Still, in these unusual times, Social Security benefits are waiting for workers who need them immediately. There is an important rule regarding taking benefits before full retirement age that must always be considered before making an early filing decision: What happens if you're still working? In this case, the Social Security Administration’s earnings test becomes a serious roadblock that must be considered.

In 2022, the earnings test for people under the year of their full retirement age is $19,560, meaning that the earnings test will not be applied if one is currently working and making less than the specified amount. The earnings test starts when benefits start and apply to all types of Social Security benefits taken before full retirement age, including regular retirement benefits, spousal benefits, and survivor benefits. For workers earning more than $19,560, for every $2 over $19,560, $1 in benefits is withheld from the worker.

For the first year, there is a special way the earnings test is applied. It is calculated by the month rather than by the year. The special earnings test helps workers who start their payments in mid-year. Once the benefits start, in the first year, if you make $1,630 a month or less, there is no earnings test. If your monthly income is higher than $1,630, the benefit is withheld. After the first year, the earnings test is applied annually.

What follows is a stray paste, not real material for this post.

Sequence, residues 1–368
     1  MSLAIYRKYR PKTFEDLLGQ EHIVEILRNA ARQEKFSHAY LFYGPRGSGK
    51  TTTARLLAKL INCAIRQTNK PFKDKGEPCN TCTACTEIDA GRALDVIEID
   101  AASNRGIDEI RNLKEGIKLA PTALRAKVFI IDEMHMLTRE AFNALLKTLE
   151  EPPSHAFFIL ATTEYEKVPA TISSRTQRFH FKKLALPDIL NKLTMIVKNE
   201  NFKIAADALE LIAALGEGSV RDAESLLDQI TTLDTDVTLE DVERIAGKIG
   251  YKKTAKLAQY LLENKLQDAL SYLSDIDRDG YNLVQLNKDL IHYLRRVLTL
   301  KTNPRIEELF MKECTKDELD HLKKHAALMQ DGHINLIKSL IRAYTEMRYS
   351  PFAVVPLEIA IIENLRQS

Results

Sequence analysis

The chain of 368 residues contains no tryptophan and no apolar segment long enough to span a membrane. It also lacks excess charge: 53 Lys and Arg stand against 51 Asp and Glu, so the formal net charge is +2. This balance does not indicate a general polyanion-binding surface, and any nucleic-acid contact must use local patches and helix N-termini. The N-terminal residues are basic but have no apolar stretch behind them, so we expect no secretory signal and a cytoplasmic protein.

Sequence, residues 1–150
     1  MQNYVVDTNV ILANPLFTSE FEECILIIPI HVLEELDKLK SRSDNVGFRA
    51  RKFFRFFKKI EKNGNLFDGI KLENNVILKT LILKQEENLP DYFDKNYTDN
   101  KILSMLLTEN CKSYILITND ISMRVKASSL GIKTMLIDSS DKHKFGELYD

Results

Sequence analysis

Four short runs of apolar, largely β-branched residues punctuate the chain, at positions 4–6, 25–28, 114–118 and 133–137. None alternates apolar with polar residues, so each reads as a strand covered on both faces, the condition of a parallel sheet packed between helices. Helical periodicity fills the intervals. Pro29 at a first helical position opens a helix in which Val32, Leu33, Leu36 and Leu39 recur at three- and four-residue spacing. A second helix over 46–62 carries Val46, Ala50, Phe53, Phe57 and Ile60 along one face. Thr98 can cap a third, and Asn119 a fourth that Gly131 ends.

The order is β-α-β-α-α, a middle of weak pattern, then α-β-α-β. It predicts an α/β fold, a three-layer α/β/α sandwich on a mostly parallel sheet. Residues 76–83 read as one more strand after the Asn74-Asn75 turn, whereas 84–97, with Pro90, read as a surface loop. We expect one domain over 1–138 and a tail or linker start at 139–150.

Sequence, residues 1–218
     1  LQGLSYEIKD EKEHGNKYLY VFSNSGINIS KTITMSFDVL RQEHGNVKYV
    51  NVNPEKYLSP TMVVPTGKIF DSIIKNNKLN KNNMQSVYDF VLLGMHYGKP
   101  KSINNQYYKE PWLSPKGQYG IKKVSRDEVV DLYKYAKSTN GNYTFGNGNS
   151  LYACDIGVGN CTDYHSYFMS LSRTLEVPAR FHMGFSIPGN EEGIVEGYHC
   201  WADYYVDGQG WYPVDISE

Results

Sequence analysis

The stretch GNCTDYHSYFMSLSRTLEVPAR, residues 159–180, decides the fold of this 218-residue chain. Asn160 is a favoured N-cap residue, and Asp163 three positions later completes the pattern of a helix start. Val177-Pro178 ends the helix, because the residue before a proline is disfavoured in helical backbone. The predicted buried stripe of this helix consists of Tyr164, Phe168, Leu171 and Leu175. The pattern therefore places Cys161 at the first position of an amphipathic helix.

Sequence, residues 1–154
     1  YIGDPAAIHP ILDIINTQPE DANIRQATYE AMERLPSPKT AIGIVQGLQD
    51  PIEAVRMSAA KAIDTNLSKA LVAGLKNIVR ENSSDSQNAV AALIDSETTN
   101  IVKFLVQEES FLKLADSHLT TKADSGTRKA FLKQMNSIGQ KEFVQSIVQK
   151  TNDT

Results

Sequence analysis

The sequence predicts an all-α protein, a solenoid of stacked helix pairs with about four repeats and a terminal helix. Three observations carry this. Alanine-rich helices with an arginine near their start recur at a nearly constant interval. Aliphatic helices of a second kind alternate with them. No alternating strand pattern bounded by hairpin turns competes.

The bar for the earnings test becomes a little higher in the year of full retirement age. In that year the earnings threshold increases to $51,960 or $4,330 a month. In addition, the amount withheld is now $1 for every $3 earned over the threshold.